Birds Of Tin : Ene.Key Ray.

Label:Mystery Sea – MS01
CDr, Album, Limited Edition, Numbered
Style:Ambient, Experimental, Minimal


1Key Nell5:07
2Open Doors6:41
3Paper Lock12:43
4Clear Passage Through11:16
5Thin Walls0:14
7Endless Empty10:07
8Key Ray11:24


Original recordings made February 2000. Additional recording/remixing/processing by Birds Of Tin May 2000 and Ene June 2000.
Numbered edition of 100 copies.

Other Versions (1)

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Title (Format)LabelCat#CountryYear
.Key Ray. (CDr, Album, Promo)Mystery SeaMS01Belgium2001


  • tinbird's avatar
    Birds of Tin is a decidedly underground artist whose music
    seems only to reach the initiated, due either to low-profile marketing or
    limited runs or perhaps some combination of both. Fellow American Ene
    is dug in at least as far underground. However,
    whereas the former is known for his somewhat industrial ambient
    soundscapes, the latter's reputation is more of a lo-fi samplemaniac.
    'Key Ray' brings them together for the first time to produce a sound
    highly appropriate to the name of the label imprint, Mystery Sea.
    Underground goes underwater. Juxtaposing low drones with vocal, vinyl and
    environmental samples, sound and texture float and drift, but also
    occasionally run aground on jagged rocks, or get lost in labyrinthine
    coral reefs or tangled up in seaweed. Although aquatic drift is the main
    order of the day, it is not an entirely unhazardous experience and
    signals of distress intrude at times. Creating an overall impression both
    broad and minimalistic, with spurts of aural collage, it is as if,
    speaking in the broadest terms, Gavin Bryars' 'Titanic' had sunk
    containing electronic instruments instead of an acoustic orchestra. Stephen Fruitman
    • tinbird's avatar
      Birds Of Tin collaborate with Scott Hudgins, aka ENE,
      to create a sublime disc of strict light ambience.
      Electronic ambience here will not mean keyboards or synth however,
      nor does it mean "techno".
      It means that the sound is airy, clean and spacious.
      Expressive and rendered with the precision of one who would arrange beats.
      But there's no percussion, it's a sustained drift and beautiful emotion that weaves its way through all the tracks.
      Each track with it's own feeling, history and structure.
      The only way to soak up every second of Key Ray is to either lay back, close the eyes and move straight into it for an hour, or to listen to it over and over.
      You'll want to do the latter, as this is light, beautiful, mysterious ambient worthy of Tear Ceremony, Zero Ohms or Robert Rich.
      Great stuff.
      On the new Mystery Sea label, who I hope we can see more great releases like this from in the future. Vince Harrigan
      • tinbird's avatar
        The first release from Belgium's MYSTERY SEA label adds
        Birds Of Tin+Ene.
        This intriguing equation is solved by Brooke Oates and Scott Hudgins
        who swap and reprocess each other's material, recombining everything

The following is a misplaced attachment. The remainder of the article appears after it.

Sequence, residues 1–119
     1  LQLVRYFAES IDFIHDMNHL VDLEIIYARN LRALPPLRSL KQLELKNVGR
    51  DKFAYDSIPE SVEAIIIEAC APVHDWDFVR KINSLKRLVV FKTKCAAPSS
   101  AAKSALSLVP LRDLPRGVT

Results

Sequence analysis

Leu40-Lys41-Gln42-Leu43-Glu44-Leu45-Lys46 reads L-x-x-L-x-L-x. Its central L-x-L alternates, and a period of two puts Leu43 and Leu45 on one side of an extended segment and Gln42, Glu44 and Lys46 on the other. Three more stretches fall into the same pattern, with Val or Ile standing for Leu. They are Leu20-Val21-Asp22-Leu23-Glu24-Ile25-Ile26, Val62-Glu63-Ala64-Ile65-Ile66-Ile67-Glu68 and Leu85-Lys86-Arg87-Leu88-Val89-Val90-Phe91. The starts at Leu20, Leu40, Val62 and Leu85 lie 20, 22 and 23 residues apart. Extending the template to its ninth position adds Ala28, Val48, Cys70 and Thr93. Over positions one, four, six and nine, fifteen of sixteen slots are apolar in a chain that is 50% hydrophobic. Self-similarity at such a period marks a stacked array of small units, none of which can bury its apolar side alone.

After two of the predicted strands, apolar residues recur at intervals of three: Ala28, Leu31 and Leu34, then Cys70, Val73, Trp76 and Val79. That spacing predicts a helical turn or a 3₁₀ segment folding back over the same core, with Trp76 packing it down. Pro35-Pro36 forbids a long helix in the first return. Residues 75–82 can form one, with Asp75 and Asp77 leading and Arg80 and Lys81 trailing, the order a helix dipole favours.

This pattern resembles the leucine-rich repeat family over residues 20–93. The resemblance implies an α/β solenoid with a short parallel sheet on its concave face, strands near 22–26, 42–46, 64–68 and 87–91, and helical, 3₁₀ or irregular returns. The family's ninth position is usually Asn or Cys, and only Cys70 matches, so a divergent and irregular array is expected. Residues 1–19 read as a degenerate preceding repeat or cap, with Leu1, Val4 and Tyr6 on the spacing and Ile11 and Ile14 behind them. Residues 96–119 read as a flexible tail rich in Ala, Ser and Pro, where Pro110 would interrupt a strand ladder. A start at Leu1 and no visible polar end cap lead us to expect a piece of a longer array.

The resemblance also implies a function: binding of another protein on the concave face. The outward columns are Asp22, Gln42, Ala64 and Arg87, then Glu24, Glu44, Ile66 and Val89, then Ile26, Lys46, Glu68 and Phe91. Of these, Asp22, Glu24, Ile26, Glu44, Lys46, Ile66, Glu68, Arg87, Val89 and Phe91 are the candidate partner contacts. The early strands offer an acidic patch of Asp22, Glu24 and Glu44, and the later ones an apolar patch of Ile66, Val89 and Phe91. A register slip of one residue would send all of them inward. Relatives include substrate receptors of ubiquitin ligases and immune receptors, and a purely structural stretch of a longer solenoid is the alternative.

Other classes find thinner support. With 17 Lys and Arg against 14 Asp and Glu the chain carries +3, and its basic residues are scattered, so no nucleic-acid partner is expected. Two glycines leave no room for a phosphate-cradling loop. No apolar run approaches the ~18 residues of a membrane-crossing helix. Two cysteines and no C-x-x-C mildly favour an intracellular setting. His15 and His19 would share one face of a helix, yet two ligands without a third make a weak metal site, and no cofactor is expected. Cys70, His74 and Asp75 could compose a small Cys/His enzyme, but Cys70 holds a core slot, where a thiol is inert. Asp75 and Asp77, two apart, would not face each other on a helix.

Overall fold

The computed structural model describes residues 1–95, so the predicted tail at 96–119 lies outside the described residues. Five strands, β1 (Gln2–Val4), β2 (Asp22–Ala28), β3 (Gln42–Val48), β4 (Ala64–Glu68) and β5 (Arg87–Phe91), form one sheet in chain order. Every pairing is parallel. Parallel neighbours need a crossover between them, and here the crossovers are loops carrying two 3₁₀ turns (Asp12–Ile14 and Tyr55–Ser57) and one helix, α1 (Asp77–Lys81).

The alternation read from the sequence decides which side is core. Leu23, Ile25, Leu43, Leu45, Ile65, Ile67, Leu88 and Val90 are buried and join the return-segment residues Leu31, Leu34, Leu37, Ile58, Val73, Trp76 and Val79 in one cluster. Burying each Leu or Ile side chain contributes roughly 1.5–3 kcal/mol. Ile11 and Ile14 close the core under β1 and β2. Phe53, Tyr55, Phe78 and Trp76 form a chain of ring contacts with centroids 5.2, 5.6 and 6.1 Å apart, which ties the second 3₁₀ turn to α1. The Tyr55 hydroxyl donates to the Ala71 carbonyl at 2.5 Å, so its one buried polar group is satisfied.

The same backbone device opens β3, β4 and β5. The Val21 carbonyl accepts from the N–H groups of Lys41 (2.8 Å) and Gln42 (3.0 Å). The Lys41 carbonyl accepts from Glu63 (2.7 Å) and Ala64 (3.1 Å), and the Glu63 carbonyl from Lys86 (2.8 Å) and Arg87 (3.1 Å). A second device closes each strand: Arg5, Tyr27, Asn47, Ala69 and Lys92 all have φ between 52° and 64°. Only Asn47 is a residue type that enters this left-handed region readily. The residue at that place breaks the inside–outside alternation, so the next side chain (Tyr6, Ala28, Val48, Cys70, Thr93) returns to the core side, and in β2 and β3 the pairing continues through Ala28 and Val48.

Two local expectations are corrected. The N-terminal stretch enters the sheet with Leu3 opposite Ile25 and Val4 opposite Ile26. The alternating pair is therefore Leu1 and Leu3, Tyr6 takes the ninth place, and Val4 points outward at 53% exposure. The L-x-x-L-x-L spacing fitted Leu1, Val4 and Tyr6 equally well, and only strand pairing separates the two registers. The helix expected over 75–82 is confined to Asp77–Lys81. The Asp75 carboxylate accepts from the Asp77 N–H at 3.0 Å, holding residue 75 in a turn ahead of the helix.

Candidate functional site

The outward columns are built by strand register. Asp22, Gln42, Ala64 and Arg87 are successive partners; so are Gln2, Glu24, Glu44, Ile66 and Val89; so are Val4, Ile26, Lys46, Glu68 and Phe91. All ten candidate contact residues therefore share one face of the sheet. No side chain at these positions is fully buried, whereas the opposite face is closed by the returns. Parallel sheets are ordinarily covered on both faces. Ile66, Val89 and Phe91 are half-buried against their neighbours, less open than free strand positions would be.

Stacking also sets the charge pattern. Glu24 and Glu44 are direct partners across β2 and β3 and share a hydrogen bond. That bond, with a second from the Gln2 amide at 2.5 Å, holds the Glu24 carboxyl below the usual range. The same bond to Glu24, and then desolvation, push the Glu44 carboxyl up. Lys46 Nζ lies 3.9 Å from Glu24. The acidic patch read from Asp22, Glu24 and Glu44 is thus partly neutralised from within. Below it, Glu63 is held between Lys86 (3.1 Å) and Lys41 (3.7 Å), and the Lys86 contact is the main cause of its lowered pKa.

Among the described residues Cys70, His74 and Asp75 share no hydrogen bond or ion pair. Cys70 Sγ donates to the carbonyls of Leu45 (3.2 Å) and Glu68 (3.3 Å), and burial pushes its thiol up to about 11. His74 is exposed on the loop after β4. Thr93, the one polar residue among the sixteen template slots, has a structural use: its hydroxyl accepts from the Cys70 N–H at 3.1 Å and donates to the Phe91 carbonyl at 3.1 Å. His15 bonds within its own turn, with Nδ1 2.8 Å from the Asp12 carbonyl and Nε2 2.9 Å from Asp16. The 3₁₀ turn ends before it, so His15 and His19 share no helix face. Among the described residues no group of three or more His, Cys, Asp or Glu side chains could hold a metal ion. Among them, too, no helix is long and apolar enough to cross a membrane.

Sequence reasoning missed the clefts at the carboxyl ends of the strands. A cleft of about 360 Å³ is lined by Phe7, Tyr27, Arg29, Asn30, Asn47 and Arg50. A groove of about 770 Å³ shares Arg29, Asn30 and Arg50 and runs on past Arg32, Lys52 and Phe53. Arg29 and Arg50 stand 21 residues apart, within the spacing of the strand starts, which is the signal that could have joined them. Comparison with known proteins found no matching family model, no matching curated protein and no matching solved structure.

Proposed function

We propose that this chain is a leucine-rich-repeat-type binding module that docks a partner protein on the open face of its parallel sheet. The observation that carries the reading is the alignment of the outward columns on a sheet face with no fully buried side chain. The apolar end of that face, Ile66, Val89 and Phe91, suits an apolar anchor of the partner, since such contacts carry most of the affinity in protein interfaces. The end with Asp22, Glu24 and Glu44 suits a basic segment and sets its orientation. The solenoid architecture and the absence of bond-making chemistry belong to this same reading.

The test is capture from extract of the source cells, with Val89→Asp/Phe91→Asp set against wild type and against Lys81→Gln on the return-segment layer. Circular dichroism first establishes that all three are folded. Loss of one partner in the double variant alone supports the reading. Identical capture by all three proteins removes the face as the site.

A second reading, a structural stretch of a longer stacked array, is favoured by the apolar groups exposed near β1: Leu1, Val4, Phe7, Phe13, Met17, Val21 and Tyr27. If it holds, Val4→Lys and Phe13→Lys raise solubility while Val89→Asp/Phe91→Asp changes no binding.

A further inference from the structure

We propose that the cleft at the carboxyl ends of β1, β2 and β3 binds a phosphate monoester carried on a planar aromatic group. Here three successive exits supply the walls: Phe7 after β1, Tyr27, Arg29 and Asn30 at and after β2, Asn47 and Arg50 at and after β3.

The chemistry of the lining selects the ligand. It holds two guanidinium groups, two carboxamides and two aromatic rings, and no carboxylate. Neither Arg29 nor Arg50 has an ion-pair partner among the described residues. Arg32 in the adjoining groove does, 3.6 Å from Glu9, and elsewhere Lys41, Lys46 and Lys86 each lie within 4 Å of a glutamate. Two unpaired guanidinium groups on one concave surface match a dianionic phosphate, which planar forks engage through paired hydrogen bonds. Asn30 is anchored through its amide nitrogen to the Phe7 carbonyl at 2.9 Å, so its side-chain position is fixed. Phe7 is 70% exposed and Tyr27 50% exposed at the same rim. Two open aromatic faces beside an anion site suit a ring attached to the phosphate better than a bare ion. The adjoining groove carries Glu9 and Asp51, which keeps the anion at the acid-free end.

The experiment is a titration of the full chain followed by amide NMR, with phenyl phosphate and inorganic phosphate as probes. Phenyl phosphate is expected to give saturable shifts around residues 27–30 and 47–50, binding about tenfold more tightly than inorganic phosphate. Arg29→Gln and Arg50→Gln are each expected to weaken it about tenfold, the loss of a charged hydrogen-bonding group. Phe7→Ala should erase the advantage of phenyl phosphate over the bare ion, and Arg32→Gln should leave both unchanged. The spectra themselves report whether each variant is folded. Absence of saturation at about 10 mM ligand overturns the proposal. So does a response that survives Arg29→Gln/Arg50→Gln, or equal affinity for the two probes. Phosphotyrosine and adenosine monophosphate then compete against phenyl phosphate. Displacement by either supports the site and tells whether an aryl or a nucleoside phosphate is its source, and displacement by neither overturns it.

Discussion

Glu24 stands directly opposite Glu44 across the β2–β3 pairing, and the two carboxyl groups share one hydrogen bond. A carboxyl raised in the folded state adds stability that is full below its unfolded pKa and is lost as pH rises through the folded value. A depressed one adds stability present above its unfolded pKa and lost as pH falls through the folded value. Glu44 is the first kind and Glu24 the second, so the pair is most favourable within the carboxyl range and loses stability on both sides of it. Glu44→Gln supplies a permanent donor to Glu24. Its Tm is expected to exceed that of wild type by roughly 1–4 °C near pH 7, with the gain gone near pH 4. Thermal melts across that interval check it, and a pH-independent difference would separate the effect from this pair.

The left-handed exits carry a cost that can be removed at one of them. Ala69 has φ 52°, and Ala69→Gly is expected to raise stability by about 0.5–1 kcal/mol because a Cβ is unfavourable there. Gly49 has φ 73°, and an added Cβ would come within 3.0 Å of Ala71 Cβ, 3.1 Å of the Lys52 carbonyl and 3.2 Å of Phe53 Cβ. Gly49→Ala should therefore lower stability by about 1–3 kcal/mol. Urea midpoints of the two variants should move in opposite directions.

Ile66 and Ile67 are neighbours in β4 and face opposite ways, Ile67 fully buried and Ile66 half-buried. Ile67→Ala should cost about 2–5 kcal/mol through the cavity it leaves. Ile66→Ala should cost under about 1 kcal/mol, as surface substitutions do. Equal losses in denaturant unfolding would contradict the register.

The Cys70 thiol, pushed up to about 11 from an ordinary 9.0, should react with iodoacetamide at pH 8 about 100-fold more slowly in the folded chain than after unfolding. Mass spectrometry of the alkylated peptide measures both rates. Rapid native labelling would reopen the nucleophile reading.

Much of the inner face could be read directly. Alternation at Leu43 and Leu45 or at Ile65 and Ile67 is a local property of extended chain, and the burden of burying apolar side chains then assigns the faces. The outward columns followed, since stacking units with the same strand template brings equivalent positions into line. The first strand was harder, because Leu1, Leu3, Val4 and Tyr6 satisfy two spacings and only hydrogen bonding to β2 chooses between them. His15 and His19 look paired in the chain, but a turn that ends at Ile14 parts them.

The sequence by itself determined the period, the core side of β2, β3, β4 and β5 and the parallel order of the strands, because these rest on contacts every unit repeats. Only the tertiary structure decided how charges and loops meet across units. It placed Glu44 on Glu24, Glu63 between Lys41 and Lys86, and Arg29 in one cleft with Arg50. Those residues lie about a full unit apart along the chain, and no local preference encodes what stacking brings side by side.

into the subtly surreal passages which lead to various zones of key ray's
        oblique structure.
        Touched by faint breezes, intriguing plains of desolation unfold
        as key nell expands from the horizon.
        Inexorably thrumming energies are heard through open doors,
        slowly flickering amid wispy, wafting tones;
        the final moments are scored by gritty high sheens.
        Television voices, then steady-state drones open paper lock (12:43);
        abruptly interjected musical deformations break that flow, leaving behind
        a more ominous realm of nervous anticipation where assorted hauntings occur.
        I suppose it makes sense that it only takes a few seconds
        to pass through thin walls (0:14)... into the seething vapors of entry
        where boiling clouds swelter in varying degrees of turbulence.
        From slightly abrasive textures, title track key ray
        shifts into a softer mode of rising/falling tonal loops to close the disc in obscure beauty.
        The generally subdued, though definitely twisted, audioconstruction
        of key ray will provide murky funhouse thrills for those who seek
        out-of-the-norm soundscenes.
        Birds Of Tin+Ene generate eight tracks of mysterious,
        though not inaccessible, experimentation. David J. Opdyke
        • tinbird's avatar
          Birds Of Tin are one of those bands who are definetly underground.
          Via releases on CDR, CD and vinyl, they have created a small output
          that seems to find its way to the dedicated fans out there.
          Here is a new release, again on CD-R on a new Belgium label, Mystery Sea, released in a full colour cover in a lovely small edition of 100 copies.
          Birds Of Tin here hook up with Ene, nom de plume of Scott Hudgins, another active mind in the US undergound.
          Birds Of Tin are easily classified as 'ambient industrial',
          but I don't think this entirely justifies what they are doing.
          And to classify Ene as another sample terrorist doesn't justify him either.
          Both are around too long and have developed their own techniques.
          Through the use of lo-fi equipment (one recognizes the old casio samplers by their lo-bit sampling rate) and likewise sound effects, they built epic drone pieces, which hold enough variations to be entertaining and are minimal enough to create a trance inducing state in the mind.
          These epic pieces are sometimes torn down in a collage like manner, via speeches, environment sounds and the like.
          Intense music is the result of this collaboration of two different minds that works remarkable well. Frans de Waard



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